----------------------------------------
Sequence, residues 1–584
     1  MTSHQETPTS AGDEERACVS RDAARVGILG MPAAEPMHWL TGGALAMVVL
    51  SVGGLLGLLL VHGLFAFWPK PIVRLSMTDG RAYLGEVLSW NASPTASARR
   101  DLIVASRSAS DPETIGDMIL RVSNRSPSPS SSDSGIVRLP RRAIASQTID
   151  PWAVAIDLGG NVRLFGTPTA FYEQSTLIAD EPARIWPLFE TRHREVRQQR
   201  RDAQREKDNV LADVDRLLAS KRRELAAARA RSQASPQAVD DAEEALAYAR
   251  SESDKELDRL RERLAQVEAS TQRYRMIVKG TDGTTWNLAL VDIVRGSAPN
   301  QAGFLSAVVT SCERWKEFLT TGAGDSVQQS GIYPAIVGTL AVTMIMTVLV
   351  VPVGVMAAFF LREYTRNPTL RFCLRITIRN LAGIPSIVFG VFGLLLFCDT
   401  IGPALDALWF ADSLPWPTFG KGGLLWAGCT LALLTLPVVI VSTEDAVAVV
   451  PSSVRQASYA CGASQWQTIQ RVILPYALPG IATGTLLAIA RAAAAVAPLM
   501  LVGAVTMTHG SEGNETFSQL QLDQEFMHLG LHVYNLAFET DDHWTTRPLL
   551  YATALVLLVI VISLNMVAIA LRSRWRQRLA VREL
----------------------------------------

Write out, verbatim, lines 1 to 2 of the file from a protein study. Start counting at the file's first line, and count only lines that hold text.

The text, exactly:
Sequence, residues 1–584
     1  MTSHQETPTS AGDEERACVS RDAARVGILG MPAAEPMHWL TGGALAMVVL